Depot at Doolittles offers fun for young and less young! Great for the kids, Doolittle's mix of dinosaurs and historic trains offers fun for adults as well. Eat in a classic 1950s renovated Pullman Standard passenger car, grab a pizza from Railcar Pizza to eat while enjoying a crisp beer from the Boxcar Pub, or elegantly dine in a refined 1913 Parlor Car.



If you're out and about, browsing some of the local boutiques or enjoying wines at the nearby Starr Hill Winery, Strawberry Tree Teahouse offers light lunchtime fare and, of course, tea service.



Of course, no visit to Elk Country would be complete without a stop at the Benezette Hotel, a local eatery which, like several other local eateries, offers elk burgers, obtained from a Pennsylvania herd of farmed elk. Experiencing a delicious (farmed) elk burger is an attraction in itself, and ironically, complements the day spent enjoying the wild animals. (If you're not into eating the elk, then there are the more generally accepted chicken and beef offerings as well.



On your way from Benezette to Dubois, you'll likely pass local favorite Applewood BBQ & Grill, where you should try one of the Belly Buster Sandwiches, such as the Brisket Delux or Loaded Hog (with names like that, it begs you to try it!).


Where To Stay


Clearfield County offers a range of hotels and bed and breakfast inns to choose from.



The Road Less Traveled is a cozy bed and breakfast inn tucked away on 50 acres in the mountains surrounding Clearfield. Allow yourself to enjoy what nature has to offer -- seeing elk, bear, deer, and wild turkeys is not uncommon!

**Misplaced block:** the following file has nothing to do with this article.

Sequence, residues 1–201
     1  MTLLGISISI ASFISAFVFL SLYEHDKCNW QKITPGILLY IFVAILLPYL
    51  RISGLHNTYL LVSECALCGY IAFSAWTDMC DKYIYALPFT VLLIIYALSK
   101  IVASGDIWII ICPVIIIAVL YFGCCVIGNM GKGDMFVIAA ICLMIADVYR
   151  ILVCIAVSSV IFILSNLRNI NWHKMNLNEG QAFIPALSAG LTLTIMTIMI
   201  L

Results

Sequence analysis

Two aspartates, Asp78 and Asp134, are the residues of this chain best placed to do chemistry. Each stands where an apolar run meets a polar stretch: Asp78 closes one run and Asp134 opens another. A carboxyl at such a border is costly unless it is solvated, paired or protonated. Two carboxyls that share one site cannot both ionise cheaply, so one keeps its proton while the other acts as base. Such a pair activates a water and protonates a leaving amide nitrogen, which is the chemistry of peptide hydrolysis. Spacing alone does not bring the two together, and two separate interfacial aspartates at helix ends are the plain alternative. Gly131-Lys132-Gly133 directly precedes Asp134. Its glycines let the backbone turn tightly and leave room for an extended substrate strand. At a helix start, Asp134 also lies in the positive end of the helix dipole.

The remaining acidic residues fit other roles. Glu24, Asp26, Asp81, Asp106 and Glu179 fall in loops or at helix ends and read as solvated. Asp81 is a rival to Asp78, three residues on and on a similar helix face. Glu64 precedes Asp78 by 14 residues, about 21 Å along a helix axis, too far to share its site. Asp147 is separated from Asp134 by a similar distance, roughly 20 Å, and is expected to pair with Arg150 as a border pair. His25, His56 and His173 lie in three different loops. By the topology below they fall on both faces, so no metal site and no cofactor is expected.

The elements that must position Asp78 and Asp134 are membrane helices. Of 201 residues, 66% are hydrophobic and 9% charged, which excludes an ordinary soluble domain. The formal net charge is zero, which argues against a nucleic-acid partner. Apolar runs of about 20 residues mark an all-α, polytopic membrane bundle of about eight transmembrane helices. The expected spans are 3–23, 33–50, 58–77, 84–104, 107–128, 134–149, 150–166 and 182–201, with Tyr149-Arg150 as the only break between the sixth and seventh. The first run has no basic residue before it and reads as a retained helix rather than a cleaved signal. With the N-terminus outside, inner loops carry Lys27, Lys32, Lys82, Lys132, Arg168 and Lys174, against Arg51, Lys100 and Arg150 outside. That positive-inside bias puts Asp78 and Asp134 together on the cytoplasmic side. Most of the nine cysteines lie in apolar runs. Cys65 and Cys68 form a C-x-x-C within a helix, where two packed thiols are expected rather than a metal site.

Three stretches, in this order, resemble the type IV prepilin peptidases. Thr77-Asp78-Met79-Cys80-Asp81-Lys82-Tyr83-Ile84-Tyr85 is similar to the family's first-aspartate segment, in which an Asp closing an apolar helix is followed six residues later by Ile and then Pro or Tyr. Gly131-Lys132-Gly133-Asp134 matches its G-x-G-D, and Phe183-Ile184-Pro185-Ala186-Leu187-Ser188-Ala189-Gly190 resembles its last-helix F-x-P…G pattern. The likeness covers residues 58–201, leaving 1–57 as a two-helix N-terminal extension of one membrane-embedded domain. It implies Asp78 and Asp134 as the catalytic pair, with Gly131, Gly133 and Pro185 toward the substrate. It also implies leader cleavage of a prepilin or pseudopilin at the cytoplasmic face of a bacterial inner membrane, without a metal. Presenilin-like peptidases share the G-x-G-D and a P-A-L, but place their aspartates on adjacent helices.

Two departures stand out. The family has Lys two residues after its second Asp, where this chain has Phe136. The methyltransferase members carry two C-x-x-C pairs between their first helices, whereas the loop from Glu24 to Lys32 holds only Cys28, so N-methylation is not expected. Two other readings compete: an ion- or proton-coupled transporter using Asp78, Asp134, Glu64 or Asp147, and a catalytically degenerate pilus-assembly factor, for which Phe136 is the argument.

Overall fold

Getting there: 886 T. Lee Taylor Rd., Clearfield, PA 16830
Website: http://www.roadlesstraveledbb.com/

If you have a fascination with trains (or dinosaurs), then Depot at Doolittles is the place for you! Stay in the Teddy Roosevelt traveling car -- actually one of the Pullman Palace cars, exceptionally opulent railcars of the era -- is available for overnight stays. Constructed by Pullman in 1901 as a private car for the Elgin, Joliet, and Eastern Railway company president Alex Banks, the car was used by Teddy Roosevelt for speaking engagements while traveling to Joliet, IL. Now you can stay in the same bed a President slept in. Also available is the historic Conrail Car.



Getting there: 1290 Rich Hwy #200, DuBois, PA 15801
Website: https://www.thedepotatdoolittles.com/

Enjoy views of the Susquehanna River at the lovely Victorian Lofts Bed and Breakfast Inn, right in the heart of Clearfield and minutes away from downtown boutiques and antiques stores and dining.



Getting there: 216 S Front St, Clearfield, PA 16830
Website: https://www.pawildsvacation.com/



If you prefer more standard accommodations, plus the luxuries of a swimming pool and hot tub, then check out the Comfort Suites in Dubois, PA. With a breakfast served each morning, this hotel will meet all your needs.

Getting there: 10 Lakeside Ave, DuBois, PA



For the adventurers who enjoy rustic cabins, then definitely head to Parkers Dam State Park, where you'll find cabins to fit families of all sizes in a wooded setting. With nearby hiking tucked into the mountains, the 16 rustic cabins can be rented year round. Each cabin has a nearby modern restroom with a sink, shower, and flush toilet. The cabins sleep four, six, or eight people, and are heated by gas and a fireplace.

Getting there: 28 Fairview Road, Penfield, PA 15849-9799






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Beginning in March 2018, I started a series of posts about Clearfield County, PA. This is a continuation of the series. To see others in this series, click on the label "Clearfield County" at the bottom of this post. For more information, VisitClearfieldCounty